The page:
Actor, Teacher & Director Michelle Danner talks Hello Herman
by Sanela Djokovic
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Michelle Danner is an accomplished woman, and not the kind of accomplished you can really keep score of, but the kind that really makes a difference, the kind that creates real influence. While she has been guiding, teaching, instructing famous actors and unknown actors alike for the better part of the last twenty years, Danner is now trying to extend her influence, this time as the director of the provocative and socially-conscious film Hello Herman, starring Norman Reedus and Garrett Backstrom.
Hello Herman revolves around a teenager who carries out a massacre at his high school, and lives to talk about it— a subject matter that is darker, more complex and controversial one than her directorial debut How to Go Out on a Date in Queens, starring Jason Alexander and Ron Perlman. Upon reading the play, Danner did not flinch in her resolve to make a film that is relevant and could hopefully create a dialogue.
“I’ve done some test screenings and everybody is telling me how brave I am to tackle the subject matter, but I didn’t think of that,” says Danner. “I just thought it was a really great subject matter to talk about— about our kids and why they’re driven to do what they do.”
A recent event highlighted the importance of investigating tragedies in our society on a human level.
“To me its very much like what happened […]in the news with the father Josh Powell setting his house on fire with his kids inside. When something like that happens, that is so tragic, you really get to look at the things that don’t work in our society,” says Danner, referring to the double-homicide/suicide that took place earlier this month.
Danner calls her turn into directing a natural progression from her acting background. Growing up in France, her father opened a branch of the William Morris Agency in Paris, and the likes of Maurice Chevalier and Sammy Davis were frequent visitors in her home. She began taking acting classes and her world opened up. “I aquired a love for the theater, a love for literature, a love for movies.”
At the age of 17 she moved to New York, where she studied acting with Stella Adler, Uta Hagen, Herbert Berghof, to name a few. “I did a lot of plays in New York, and then I moved to Los Angeles, and I was equally fascinated by theater and by film. Theater is my home.”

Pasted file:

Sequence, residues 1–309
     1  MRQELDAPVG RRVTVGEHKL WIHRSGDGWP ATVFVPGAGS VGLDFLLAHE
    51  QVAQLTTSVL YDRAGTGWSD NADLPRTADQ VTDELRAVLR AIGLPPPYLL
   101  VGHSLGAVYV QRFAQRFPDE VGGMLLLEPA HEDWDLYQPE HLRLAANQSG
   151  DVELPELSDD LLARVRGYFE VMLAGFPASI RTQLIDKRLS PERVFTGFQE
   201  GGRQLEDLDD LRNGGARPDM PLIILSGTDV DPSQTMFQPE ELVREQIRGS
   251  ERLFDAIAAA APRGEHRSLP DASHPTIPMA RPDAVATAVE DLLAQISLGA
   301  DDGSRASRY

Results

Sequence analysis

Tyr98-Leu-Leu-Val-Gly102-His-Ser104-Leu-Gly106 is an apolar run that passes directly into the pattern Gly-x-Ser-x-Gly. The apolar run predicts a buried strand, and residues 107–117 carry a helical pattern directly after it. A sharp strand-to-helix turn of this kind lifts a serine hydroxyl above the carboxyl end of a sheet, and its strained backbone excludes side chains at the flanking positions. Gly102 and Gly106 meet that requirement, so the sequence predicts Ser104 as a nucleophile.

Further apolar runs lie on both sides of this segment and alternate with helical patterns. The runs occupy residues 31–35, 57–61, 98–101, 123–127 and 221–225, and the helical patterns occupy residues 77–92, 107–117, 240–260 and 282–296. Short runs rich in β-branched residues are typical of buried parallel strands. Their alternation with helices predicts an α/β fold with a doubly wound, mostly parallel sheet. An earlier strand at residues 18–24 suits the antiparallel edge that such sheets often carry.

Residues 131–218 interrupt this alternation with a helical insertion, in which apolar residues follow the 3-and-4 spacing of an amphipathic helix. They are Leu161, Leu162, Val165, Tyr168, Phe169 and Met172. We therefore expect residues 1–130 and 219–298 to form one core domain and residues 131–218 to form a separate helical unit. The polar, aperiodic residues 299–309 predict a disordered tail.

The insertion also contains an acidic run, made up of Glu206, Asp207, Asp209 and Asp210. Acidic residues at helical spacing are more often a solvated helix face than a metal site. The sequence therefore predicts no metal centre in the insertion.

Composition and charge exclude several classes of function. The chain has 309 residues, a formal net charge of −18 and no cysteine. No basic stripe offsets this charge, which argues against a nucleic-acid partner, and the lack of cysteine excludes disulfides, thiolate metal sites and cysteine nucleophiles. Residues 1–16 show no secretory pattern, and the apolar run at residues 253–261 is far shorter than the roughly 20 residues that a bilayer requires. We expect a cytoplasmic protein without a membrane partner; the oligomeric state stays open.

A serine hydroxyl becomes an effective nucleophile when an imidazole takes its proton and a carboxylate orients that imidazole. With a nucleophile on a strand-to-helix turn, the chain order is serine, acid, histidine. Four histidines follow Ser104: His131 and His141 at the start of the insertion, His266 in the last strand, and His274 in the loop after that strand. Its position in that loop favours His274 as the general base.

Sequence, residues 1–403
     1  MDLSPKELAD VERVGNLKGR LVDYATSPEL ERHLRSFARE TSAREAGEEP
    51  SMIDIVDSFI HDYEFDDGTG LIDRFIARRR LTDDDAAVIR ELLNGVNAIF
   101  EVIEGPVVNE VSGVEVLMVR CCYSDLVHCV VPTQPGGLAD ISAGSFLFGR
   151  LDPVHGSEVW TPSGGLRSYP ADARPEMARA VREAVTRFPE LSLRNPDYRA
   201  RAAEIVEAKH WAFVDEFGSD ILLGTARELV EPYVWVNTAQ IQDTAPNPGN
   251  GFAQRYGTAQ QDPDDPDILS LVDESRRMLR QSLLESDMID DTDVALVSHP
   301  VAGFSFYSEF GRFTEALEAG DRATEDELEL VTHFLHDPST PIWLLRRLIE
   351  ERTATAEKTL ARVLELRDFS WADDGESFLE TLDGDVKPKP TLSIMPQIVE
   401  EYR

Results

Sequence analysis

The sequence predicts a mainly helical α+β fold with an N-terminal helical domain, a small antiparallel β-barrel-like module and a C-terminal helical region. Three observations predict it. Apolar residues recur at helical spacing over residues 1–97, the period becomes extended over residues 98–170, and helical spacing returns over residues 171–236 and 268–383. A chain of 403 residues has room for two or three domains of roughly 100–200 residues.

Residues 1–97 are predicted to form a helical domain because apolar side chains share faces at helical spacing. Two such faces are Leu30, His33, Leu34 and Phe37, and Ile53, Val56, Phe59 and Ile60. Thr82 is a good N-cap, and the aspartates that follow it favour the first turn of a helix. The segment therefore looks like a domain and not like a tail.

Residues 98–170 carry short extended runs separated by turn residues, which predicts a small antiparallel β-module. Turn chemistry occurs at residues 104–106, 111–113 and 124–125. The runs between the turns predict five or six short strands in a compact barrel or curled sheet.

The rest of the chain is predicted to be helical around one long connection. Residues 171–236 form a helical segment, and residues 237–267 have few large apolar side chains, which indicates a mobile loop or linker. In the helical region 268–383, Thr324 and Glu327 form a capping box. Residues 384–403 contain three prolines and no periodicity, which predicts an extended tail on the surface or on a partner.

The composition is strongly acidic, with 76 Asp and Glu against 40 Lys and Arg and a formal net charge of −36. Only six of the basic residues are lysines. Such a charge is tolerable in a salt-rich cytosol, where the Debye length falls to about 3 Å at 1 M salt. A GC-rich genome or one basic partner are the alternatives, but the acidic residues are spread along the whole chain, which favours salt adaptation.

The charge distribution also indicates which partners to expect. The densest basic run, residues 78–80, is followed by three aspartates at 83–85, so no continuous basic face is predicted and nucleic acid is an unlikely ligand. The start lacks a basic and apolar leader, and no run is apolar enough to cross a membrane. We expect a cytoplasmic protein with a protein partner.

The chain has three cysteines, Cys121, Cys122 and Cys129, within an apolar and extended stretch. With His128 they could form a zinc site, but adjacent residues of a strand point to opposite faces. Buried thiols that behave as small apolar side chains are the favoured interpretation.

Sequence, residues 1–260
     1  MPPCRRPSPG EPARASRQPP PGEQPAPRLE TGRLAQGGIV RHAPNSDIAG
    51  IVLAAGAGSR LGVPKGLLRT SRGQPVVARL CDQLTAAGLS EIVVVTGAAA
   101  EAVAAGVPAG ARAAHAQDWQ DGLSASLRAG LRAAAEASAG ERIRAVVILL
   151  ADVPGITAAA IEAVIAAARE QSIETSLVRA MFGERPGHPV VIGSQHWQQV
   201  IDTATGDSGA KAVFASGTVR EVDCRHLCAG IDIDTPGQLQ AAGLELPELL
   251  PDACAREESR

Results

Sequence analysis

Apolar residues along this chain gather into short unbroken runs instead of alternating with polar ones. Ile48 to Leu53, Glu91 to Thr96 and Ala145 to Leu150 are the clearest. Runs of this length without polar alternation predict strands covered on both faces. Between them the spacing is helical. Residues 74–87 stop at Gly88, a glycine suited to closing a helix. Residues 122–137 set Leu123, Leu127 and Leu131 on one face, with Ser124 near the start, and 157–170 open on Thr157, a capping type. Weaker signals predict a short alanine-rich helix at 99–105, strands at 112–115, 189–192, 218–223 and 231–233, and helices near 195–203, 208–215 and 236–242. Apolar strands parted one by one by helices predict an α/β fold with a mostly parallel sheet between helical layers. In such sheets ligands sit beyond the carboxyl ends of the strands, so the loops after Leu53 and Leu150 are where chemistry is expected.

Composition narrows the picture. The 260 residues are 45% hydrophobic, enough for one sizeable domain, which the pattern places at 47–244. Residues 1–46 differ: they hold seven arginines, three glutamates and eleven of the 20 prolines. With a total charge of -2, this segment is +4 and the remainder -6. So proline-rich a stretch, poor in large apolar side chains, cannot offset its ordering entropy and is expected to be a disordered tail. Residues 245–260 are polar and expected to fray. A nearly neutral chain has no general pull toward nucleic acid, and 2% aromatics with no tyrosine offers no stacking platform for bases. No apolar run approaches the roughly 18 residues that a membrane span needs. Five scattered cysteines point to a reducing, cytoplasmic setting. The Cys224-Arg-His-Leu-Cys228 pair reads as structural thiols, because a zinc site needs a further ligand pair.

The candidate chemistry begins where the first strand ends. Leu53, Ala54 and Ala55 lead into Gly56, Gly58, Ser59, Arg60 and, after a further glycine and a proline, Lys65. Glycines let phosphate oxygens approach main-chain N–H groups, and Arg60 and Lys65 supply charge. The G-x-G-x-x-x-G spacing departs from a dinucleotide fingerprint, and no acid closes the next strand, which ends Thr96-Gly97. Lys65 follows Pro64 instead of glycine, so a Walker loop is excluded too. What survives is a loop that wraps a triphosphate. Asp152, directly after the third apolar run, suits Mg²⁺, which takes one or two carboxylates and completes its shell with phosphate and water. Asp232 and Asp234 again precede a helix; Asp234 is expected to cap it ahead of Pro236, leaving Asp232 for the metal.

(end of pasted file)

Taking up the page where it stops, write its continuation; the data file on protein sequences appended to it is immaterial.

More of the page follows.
In fact Danner is the artistic director of two theaters in Santa Monica, including the Edgemar Center for the Arts. “A lot of magic happens. We have an art gallery as well and we do outreach with underprivileged kids and senior citizens. We have a lot of different programs.”
While theater may be home for Danner, she appreciates the magnitude that films can carry.
“I love that when you make a movie it becomes the biggest classroom in the world,” states Danner. “Movies are so important, especially now with the technology that’s available and then the means of distribution that are available with the internet, how you can reach so many people.”
She is hoping that Hello Herman can teach people something about human interaction.
“To me the movie is about reaching out and connecting and hearing someone and seeing someone. So many of our young people, teens, they feel that they are not seen or not heard.” says Danner. “And to take a moment. We live in such a fast-paced society. You know, you go, go, go and then finally you stop and you have to listen to someone and you have to listen to them with an open heart. I think if we do that more and more, fights get avoided and tragic events get avoided.”
Danner finds that her experience as an acting teacher has sharpened her abilities to connect with people and communicate with them. “I also teach acting and I’m always reminded on a daily basis to stop and breathe and look at someone. Now, sometimes in my personal day-to-day I can get short-fused and when I see that in myself I stop it.”